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Community Discussion: Blog by Oscarno | OST Case Study: Metal Gear Rising: RevenganceDestructoid
OST Case Study: Metal Gear Rising: Revengance - Destructoid




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Hello I am Oscarno and welcome to a rad Video Game Music blog on Destructoid!

I'm way into Video Game Music, and with these blog posts, I hope to provide an investigation into and discussion about Video Game Music and how music affects video games as a creative medium.

I write weekly, usually posting on Thursdays. Most weeks will be OST Case Studies, looking a the music of a particular game and pulling it apart to find why it works so well. Sometimes, however, I'll just post a shorter opinion post or perhaps an article looking into other areas of Video Game Music.

If you wanna talk to me or follow me on Twitter ,you can.(but tbh it's pretty boring)


Also you can check out some of the music I make on my Soundcloud!
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Developed by Platinum games, Metal Gear Rising: Revengance acts as a side story to the Metal Gear series of games. Taking place 4 years after the events of Metal Gear Solid 4: Guns of the Patriots, Revengance follows Raiden as he fights against the Private Military Company, Desperado Enforcement. Revengance's gameplay is distinctly more action focussed than the main line Solid series, and the music reflects this. The score was composed by Jimmy Christopherson and audio directed by Naoto Tanaka.  The music is more focussed on heavy metal, electronic tracks rather than the soft pulsing tense tracks found in the Solid series. Even though the music is in a completely different style to the Solid series, there are still some musical and gameplay elements which carry through to Revengance, and these help to strengthen the correlation between the two games.  One of the most memorable facets of Revengance, both musically and overall are the boss battles, which provide some of the most pumping tracks in the game. 

Where Metal Gear Solid takes inspiration from spy movies such as James Bond, Revengance references fast paced action flicks packed with explosions and cheesy one-liners, and the music follows this to a T.  During combat, bombastic percussion and distordet guitars accompany Raiden as he carves through enemies. But the sound isn't strictly orchestral, a large majority of the score is dominated by electronic sounds. Heavy electronic drum kits and thumping baselines accompany the more traditional sounds or the orchestra. There's no doubt that the electronic sounds were a very diliberate choice to reflect the game's strong focus on cyborg technologies. Practically every character in Revengance is either affiliated with cyborgs or a cyborg themselves, with some of them just being pure robots. The synergy between electronic sounds and traditional instruments in the score reflects some of the game's underlying theme's well, as the balance between man and machine is constantly shifting . 



But the game isn't in an eternal combat state. There are times when the action is low and stealth and exploration are at the forefront. It's a these moments, when the Metal Gear DNA rises to the surface. Like the Solid series, Revengance utilises a stealth system with Caution and Alarm states along with the default undetected state. When undetected, the music is low and pulsing, providing tension and energy, but not pushing the player to do act out. When detected, the music picks up, and informs the player that enemies are actively looking for them, and in the final Alarm state, the music really kicks off into a full fledged combat track, to accompany the player as they must eliminate the threat to move through the level. This technique of gradually adding onto the score as the gameplay requires it is called a Layered Score. It's useful as it allows the music to change as rapidly as the gameplay does and appropriately accompany the actions the player is taking. But the layered score isn't just used for the stealth system in Revengance, it's also used in the boss  battles.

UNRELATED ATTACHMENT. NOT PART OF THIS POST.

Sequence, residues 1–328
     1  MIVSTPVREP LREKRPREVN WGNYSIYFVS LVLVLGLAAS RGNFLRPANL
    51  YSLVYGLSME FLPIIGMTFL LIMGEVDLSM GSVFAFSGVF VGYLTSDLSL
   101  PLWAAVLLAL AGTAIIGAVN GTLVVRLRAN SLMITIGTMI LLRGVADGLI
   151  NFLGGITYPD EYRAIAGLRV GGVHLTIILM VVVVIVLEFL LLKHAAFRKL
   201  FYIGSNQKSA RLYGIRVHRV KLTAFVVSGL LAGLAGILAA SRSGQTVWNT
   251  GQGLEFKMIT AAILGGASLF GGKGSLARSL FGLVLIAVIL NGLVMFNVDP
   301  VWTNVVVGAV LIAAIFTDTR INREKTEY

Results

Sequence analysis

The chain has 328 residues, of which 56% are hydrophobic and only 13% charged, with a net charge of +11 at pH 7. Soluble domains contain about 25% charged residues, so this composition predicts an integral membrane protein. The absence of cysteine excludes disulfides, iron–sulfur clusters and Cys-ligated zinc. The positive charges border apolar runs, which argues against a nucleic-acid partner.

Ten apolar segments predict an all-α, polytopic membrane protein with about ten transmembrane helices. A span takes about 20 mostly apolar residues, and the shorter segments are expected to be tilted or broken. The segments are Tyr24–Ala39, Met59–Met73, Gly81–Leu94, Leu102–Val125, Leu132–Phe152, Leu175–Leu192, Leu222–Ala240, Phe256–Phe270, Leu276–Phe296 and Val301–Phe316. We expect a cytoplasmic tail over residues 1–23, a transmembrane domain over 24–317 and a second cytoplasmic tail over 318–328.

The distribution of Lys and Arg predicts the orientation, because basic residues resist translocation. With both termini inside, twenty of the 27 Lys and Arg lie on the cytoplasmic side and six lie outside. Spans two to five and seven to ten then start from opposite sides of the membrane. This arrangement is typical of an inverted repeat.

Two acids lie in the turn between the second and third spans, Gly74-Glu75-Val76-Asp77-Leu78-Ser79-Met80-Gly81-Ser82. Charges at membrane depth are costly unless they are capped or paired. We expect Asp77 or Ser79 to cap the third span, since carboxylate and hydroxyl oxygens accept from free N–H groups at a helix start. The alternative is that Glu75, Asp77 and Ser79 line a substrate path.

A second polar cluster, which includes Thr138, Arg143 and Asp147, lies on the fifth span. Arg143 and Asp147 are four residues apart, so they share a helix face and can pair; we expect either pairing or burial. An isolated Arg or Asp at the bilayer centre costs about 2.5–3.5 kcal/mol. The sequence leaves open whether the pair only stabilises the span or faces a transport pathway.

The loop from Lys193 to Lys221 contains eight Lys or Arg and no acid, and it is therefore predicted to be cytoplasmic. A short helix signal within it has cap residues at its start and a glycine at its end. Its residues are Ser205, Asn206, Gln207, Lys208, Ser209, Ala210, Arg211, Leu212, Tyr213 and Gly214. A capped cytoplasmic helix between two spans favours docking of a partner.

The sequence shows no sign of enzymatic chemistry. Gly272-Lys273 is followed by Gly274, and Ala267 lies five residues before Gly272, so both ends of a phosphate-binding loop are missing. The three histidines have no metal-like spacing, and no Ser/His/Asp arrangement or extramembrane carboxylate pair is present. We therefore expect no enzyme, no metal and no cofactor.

Revengance's boss battles are absolutely out of this world. The game itself is utterly ridiculous, with Raiden slicing entire planes in half and using swords the size of skyscrapers, but the boss battles turn all of this up to 11. The music of the boss battles takes the idea of the layered score and uses it in such a way that fits the fights perfectly. As the sequence begins, the music is already pumping pretty hard, but was the fight continues and the boss goes through different phases, layers are added onto the music which peaks when finally vocals are added. Vocal tracks aren't something we hear in video games often, but Revengance uses them as a reward for the player finally overcoming the main adversaries of the game.  These tracks are non-stop walls of sounds and the vocals are just catchy and memorable enough that the player can sing along to them as the final blow strikes and the battle ends. This amplifies the players involvement and allows them to feel accomplished especially in such a cutscene and story driven game. 

Metal Gear Rising: Revengance's soundtrack is truly something to behold. It's full on nature and breakneck pace makes it very memorable. It's twist in genre from the main Metal Gear series allows this game to have a strong identity on it's own while still holding it's ties to Metal Gear Solid. It's unique use of vocal tracks give the player a true sense of involvement in the game and manages to take it's ridiculous amount of action even further. 

What do you think? Did you enjoy the vocal tracks in the boss battles? or did they distract you from the action? Was the Metal Gear Solid balance too strong? or perhaps not strong enough? I'd love to hear your thoughts and experiences with the game.
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